- CREDIT CARDS
- Credit cards help you pay for groceries, gas, medication, and other bills.
- Credit cards offer payment protection.
- There are a wide variety of credit cards, including rewar, travel, and cashback.,
So, we have them. And we’re using them. But are we sure we really know how credit cards work? Let’s find out.
Paying With a Credit Card
You can use credit cards to pay bills, cover travel expenses, and buy things online or in stores. When you use a credit card, the merchant's bank requests authorization from the credit card network to process the transaction. Your card issuer verifies your information and either approves or declines the transaction.
If approved, the card issuer releases funds to the merchant and subtracts that amount from your available credit. At the end of your billing cycle, your credit card company generates a statement showing your monthly transactions, your previous balance, and your new balance. The statement also discloses your minimum payment due and the due date.
Your card has a grace period – the time between the purchase date on your card and the due date listed on your statement. If you pay your bill in full by the due date, no interest charges accrue on new purchases. Otherwise, you’ll owe interest based on your rate and account balance.
Credit Card Advantages
For some, the main advantage of credit cards is their convenience. You can pay in-store or online in seconds. And you don’t have to handle grubby cash – or risk losing it to thieves or carelessness.
Indeed, you may not need the card. There are more electronic “wallets” that you can keep on your smartphone. Amazon Pay, Apple Pay, Google Pay, and Stocard may be the most famous.
And once you’ve linked your card(s) to one of these apps, you can pay with your smartphone in just a few clicks, often by holding your phone close to the payment terminal. Now, that really is convenient.
But credit cards aren’t just convenient. They’re also the safest way to pay for goods and services. Yes, even safer than debit cards.
According to Cornell Law School, the Fair Credit Billing Act of 1974 gives unique protections to “open-end credit” like credit cards. As long as you dispute a payment within 60 days, you can’t lose more than $50 when amounts are wrongly charged.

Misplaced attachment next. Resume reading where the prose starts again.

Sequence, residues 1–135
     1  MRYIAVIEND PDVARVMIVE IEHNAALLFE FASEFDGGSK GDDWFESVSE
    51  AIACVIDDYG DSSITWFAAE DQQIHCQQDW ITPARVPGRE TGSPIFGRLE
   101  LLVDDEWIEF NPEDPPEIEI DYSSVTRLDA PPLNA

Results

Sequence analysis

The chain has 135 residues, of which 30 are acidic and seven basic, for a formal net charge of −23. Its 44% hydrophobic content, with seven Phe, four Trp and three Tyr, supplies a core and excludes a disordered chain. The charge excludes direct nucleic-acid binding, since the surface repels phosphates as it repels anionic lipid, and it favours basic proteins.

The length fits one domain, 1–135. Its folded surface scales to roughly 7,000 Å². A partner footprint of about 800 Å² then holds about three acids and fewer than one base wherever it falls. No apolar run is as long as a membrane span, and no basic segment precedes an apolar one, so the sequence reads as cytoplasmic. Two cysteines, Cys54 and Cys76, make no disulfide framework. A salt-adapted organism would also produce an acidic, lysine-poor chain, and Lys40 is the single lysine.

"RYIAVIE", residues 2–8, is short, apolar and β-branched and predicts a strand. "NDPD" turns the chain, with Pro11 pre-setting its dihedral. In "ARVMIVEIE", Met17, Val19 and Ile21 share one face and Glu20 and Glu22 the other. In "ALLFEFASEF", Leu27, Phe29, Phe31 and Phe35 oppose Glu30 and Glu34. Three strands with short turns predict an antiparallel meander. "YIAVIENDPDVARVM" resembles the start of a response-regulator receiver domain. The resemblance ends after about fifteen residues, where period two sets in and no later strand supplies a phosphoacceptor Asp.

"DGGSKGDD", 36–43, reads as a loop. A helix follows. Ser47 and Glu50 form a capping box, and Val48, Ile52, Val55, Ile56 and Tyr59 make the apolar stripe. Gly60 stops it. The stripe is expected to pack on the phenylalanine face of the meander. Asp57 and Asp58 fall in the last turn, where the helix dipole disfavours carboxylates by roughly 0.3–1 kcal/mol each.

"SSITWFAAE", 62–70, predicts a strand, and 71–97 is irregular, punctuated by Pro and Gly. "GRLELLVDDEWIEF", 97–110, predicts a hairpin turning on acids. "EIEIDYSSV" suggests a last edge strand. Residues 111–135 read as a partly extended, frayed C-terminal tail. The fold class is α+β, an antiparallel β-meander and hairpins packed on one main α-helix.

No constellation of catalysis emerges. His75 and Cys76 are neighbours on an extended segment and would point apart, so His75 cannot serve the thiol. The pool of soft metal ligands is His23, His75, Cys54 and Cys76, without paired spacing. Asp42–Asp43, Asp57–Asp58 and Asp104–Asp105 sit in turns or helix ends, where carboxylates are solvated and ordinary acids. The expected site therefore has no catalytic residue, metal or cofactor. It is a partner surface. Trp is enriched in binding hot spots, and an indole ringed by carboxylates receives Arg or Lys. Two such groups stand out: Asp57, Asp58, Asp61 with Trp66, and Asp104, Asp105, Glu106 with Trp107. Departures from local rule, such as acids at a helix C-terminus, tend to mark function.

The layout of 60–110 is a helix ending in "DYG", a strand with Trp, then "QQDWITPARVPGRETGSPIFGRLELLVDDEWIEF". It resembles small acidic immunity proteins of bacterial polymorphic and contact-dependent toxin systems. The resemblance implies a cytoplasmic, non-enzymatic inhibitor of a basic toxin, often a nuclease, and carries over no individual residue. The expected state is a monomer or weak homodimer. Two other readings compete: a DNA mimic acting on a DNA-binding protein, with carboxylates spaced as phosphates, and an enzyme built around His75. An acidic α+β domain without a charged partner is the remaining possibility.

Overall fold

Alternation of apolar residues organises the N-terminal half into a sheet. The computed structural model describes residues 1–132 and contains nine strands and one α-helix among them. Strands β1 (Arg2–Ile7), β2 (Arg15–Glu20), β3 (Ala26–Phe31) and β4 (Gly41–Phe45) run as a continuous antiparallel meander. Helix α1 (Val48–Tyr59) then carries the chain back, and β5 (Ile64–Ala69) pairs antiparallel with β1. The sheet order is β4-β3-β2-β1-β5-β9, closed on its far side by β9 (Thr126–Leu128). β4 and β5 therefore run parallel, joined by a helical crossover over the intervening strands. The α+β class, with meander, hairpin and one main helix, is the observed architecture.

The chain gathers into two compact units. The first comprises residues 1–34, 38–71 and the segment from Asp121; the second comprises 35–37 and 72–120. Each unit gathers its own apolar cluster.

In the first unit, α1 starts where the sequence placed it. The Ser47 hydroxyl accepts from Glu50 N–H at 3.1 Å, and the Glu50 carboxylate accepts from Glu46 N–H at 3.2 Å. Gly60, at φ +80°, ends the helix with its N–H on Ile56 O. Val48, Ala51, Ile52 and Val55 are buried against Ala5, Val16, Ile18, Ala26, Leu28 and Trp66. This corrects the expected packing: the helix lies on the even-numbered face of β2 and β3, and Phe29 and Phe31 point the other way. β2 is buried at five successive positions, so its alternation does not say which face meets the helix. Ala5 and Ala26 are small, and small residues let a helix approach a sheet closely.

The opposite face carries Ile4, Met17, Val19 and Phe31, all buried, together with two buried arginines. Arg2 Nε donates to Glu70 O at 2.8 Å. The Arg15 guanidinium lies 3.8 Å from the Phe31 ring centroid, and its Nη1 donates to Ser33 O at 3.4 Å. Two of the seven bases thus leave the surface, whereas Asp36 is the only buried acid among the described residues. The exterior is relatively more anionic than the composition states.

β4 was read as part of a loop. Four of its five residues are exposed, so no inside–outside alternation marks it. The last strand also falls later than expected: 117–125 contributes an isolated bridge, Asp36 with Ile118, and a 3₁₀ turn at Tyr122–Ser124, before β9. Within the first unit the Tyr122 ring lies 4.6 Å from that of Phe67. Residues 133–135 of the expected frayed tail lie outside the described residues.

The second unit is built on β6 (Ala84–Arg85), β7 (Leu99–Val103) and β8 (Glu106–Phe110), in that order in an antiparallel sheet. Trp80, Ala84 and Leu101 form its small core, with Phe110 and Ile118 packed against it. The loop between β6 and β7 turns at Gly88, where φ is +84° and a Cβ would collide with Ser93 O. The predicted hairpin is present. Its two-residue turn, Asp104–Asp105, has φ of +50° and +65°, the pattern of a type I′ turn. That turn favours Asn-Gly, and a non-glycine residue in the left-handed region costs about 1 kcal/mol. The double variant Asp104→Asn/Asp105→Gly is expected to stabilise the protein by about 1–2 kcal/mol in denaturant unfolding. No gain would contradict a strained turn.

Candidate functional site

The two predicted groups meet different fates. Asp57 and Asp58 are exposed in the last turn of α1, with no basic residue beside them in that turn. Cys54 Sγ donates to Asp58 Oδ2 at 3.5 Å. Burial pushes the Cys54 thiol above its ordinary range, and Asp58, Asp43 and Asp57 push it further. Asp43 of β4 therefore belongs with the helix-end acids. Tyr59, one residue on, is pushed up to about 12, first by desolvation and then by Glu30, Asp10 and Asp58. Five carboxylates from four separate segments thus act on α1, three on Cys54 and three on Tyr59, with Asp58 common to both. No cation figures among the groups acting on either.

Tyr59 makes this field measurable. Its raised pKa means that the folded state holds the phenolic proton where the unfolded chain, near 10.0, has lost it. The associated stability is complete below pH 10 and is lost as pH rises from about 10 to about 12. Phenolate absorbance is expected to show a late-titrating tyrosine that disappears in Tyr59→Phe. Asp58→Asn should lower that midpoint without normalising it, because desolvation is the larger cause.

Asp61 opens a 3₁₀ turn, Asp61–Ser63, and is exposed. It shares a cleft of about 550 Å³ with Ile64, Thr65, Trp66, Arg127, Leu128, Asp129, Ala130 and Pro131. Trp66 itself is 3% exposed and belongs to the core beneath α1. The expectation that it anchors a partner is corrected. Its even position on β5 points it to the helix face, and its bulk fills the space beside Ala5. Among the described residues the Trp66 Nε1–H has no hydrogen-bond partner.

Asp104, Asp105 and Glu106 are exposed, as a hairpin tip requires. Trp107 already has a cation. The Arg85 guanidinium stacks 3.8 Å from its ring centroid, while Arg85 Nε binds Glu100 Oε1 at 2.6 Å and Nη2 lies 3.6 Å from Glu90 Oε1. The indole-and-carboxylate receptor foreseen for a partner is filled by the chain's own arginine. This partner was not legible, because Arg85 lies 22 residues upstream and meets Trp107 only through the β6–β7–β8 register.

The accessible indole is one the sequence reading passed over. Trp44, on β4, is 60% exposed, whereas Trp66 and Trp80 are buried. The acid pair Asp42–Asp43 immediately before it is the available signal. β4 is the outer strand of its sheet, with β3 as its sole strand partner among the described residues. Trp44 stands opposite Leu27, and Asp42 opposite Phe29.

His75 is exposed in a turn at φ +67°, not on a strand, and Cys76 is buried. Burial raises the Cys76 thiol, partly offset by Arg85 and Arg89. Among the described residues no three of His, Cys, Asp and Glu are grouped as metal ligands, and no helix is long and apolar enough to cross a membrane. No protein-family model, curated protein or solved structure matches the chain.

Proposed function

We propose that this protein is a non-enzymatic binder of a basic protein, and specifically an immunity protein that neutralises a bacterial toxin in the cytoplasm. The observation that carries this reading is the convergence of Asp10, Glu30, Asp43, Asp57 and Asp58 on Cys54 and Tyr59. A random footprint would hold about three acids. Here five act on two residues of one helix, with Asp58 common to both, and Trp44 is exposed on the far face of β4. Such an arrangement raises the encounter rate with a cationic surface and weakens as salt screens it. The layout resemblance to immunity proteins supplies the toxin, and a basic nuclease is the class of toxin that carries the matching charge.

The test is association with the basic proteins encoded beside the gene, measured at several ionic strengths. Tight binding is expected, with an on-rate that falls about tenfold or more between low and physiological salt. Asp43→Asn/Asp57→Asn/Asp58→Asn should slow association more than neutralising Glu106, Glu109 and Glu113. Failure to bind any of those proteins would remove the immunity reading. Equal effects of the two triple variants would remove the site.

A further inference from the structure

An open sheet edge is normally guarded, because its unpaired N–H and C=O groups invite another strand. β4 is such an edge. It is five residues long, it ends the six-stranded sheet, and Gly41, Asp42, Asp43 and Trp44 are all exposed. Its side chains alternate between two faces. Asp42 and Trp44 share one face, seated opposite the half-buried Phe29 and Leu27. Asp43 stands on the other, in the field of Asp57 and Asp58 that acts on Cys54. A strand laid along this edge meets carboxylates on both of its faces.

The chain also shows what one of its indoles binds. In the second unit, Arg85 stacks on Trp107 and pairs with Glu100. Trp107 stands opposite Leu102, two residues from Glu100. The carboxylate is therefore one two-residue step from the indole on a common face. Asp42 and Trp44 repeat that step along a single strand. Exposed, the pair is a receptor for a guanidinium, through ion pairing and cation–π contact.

The Act protects you against “inaccurate statements, undelivered or unacceptable goods, and transactions by unauthorized users.” Of course, many card issuers now waive that $50. So you may well enjoy 100% protection.
Better than debit cards
Don’t you get the same protections with debit cards? Yes, probably … in the end. True, there isn’t the same legal requirement. But most banks will refund your losses.
However, there’s a significant difference. When you dispute a credit card transaction, it’s the card issuer’s problem. Because you don’t have to pay the charge – at least until later, if it proves to have been correct all along.
But a debit card transaction has already left your bank account before you can dispute it. So it’s your money at stake, not your bank’s. And it can take weeks or months for that bank to investigate your complaint and return your funds.
How Reward Credit Cards Work
Rewards are among the most popular credit card features. Pick the right plastic, and you can earn points, miles, or cash back on some, most, or all of your spending.
Cashback is the most popular form of reward, according to Statista. Who doesn’t like free money? Other popular rewards programs deliver points for travel, goods, or services. You can match your cards to your lifestyle to maximize your rewards. For example, if you fly a lot, the air miles you earn could contribute a chunk toward a vacation or leisure break. If you have a hotel card, too, that trip could be close to free.
Rewards card rules for accruing and redeeming rewards can be complicated. You may be able to have cash deposited into your bank account or credited to your statement. You can usually order gift cards, travel, and merchandise rewards at your card issuer’s website. Stay on top of your program to make sure that your benefits don’t expire before you can use them.